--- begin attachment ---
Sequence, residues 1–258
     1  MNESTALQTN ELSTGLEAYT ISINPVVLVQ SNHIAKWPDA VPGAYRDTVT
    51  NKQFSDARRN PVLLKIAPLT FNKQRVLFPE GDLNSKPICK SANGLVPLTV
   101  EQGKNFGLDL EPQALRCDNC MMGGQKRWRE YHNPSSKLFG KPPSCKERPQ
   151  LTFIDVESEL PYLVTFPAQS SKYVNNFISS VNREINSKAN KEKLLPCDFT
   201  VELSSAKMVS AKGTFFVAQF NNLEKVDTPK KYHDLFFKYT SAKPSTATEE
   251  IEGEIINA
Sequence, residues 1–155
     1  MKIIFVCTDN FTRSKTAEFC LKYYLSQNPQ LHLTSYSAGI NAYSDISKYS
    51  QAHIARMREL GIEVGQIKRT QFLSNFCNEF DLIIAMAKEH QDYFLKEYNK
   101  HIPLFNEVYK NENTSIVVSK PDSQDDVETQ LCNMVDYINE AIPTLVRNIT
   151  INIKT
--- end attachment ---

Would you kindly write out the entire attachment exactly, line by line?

Sequence, residues 1–258
     1  MNESTALQTN ELSTGLEAYT ISINPVVLVQ SNHIAKWPDA VPGAYRDTVT
    51  NKQFSDARRN PVLLKIAPLT FNKQRVLFPE GDLNSKPICK SANGLVPLTV
   101  EQGKNFGLDL EPQALRCDNC MMGGQKRWRE YHNPSSKLFG KPPSCKERPQ
   151  LTFIDVESEL PYLVTFPAQS SKYVNNFISS VNREINSKAN KEKLLPCDFT
   201  VELSSAKMVS AKGTFFVAQF NNLEKVDTPK KYHDLFFKYT SAKPSTATEE
   251  IEGEIINA
Sequence, residues 1–155
     1  MKIIFVCTDN FTRSKTAEFC LKYYLSQNPQ LHLTSYSAGI NAYSDISKYS
    51  QAHIARMREL GIEVGQIKRT QFLSNFCNEF DLIIAMAKEH QDYFLKEYNK
   101  HIPLFNEVYK NENTSIVVSK PDSQDDVETQ LCNMVDYINE AIPTLVRNIT
   151  INIKT